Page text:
Four reasons why the French parliamentary elections really matter

The French presidential election might be over but here are four reasons why you need to keep a close eye on the make-or-break parliamentary elections that take place over the next two weekends, as explained by Professor Garrett Martin.

Four reasons why the French parliamentary elections really matter
Photo: AFP

The 2017 French presidential election saw the victory of newcomer Emmanuel Macron. But the French aren’t done voting. Elections for the lower house of French Parliament, the National Assembly, will take place on June 11 and 18.

Here are four reasons you should be keeping an eye on these elections.

No majority, no agenda

First, it can make or break Macron’s agenda of reforming the labor market and bringing back growth to a morose French economy. The French Constitution grants extensive powers to the president. These include, for instance, the authority to dissolve the Parliament and nominate the prime minister (the head of the government), as well as broad control of defense and foreign policy.

But, the president must have the support of a majority in Parliament to govern, pass laws and implement his campaign agenda. Macron would still be able to shape French foreign policy, even without a majority in the Parliament, but he would have limited say over domestic policy.

Unpredictable election

Second, this parliamentary election is unpredictable because of the French voting system.

The parliamentary election includes essentially 577 mini-contests – one for each district that represents an area of France – which take place over two rounds. A candidate can win outright in the first round if he or she receives more than 50 percent of the votes. If no one reaches that threshold, then there is a runoff in the second round with anyone whose score from the first round equaled at least 12.5 percent of registered voters.

Such an electoral system encourages preelection agreements between compatible parties, as well as deals between the two rounds. Thus, an eligible candidate might choose not to contest the second round to ensure the victory of an ally, or to block a rival.

Although the alliance supporting Macron has a very good shot at achieving a majority in Parliament, one cannot rule out two other outcomes that would be unfavorable to the new president. Another party or coalition could win a majority in the Parliament, which would be a major blow to Macron’s domestic agenda. Or, there could be a fragmented outcome, with no party or coalition able to achieve a majority.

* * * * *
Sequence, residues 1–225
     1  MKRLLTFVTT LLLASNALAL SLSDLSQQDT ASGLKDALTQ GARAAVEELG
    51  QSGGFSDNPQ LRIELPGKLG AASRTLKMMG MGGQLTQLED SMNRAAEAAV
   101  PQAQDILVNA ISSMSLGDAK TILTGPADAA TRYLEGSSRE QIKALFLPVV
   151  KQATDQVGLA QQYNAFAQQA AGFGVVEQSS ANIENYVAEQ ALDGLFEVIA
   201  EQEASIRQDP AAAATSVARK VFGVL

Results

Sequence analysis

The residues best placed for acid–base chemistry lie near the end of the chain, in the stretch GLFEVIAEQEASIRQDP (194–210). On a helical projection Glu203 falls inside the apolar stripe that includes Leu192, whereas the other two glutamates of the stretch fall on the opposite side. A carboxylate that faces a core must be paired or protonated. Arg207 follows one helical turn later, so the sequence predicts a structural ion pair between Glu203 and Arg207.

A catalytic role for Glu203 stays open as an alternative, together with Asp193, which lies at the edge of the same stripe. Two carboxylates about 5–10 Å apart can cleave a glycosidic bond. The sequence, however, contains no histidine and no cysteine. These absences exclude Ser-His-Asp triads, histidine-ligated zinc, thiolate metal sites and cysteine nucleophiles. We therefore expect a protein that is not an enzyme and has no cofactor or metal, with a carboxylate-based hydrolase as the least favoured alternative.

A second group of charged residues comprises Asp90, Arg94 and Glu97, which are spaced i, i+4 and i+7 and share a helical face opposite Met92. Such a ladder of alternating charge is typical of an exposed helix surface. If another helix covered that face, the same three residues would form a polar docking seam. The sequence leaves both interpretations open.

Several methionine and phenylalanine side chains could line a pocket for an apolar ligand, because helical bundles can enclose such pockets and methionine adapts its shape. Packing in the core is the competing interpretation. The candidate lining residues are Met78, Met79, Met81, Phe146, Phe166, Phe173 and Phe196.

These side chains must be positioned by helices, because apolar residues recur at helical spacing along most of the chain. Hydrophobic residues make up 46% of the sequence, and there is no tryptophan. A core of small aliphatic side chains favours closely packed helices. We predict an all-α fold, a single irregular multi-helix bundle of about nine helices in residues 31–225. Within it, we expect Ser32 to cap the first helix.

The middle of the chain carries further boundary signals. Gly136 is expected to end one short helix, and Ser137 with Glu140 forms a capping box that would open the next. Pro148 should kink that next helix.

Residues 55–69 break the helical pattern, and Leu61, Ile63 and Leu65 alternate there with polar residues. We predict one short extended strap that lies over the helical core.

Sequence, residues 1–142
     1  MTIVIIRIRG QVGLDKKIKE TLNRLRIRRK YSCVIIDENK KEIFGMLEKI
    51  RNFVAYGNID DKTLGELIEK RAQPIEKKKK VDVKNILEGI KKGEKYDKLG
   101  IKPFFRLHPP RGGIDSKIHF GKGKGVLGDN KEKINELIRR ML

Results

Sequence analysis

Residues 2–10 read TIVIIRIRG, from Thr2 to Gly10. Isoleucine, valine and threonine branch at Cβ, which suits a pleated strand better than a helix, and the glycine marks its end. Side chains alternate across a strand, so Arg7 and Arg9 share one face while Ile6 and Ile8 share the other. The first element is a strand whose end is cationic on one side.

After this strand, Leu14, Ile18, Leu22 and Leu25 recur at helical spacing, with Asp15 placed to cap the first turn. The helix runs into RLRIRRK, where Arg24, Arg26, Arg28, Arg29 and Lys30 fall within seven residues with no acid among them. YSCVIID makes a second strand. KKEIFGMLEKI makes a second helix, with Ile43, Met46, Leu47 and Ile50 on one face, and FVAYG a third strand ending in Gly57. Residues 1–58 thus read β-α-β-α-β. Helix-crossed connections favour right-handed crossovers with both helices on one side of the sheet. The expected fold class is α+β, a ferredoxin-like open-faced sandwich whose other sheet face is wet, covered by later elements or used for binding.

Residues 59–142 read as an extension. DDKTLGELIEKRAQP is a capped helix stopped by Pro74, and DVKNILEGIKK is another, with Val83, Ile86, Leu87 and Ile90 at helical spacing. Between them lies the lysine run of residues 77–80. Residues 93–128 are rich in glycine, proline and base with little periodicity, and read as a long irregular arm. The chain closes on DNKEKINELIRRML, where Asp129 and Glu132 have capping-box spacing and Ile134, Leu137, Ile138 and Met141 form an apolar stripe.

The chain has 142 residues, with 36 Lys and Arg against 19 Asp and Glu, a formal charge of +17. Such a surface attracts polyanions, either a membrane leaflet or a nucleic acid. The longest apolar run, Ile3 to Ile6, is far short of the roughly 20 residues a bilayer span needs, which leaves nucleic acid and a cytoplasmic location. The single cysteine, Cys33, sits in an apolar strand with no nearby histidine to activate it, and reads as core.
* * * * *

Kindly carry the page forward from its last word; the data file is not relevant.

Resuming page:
Hold on, it wasn't meant to be this easy for Emmanuel Macron

Shifting political landscape

Third, regardless of the results, the election will signal a significant rearranging of the French political landscape and pose a challenge for major parties.

If Macron’s movement gains a majority, it will be a stunning development considering it came into existence only in April 2016. The two parties that have dominated French politics since 1958, the left-wing Parti Socialiste and the right-wing Les Républicains, are in disarray.

Les Républicains are divided and facing pressure from Macron, who poached several of their leading figures for his Cabinet, including Prime Minister Edouard Philippe and Minister of the Economy Bruno Le Maire.

The Parti Socialiste, following the catastrophic showing of its candidate Benoit Hamon in the presidential elections (6.36 percent of the first round votes), is reeling and facing possible extinction.

Renewing the political class

Fourth, the election will bring in a needed influx of new faces to the French political class. Until this election, it was extremely common for French politicians to combine local and national offices, such as being both a local mayor and a member of the national Parliament.But this practice is now forbidden by a 2014 law, which gave three years for politicians to choose between a local and a national office.

Since that practice was widespread, it has led many to choose their local office over their seat in Parliament. Already 206 incumbents (or 36 percent of the total number of members of Parliament) have chosen not to run again in the election.

Macron’s movement has certainly tried to capitalize on this turnover trend when choosing its candidates. More than half of the candidates come from civil society and have never run for office, half of the candidates are women and only 5 percent are incumbent members of the Parliament.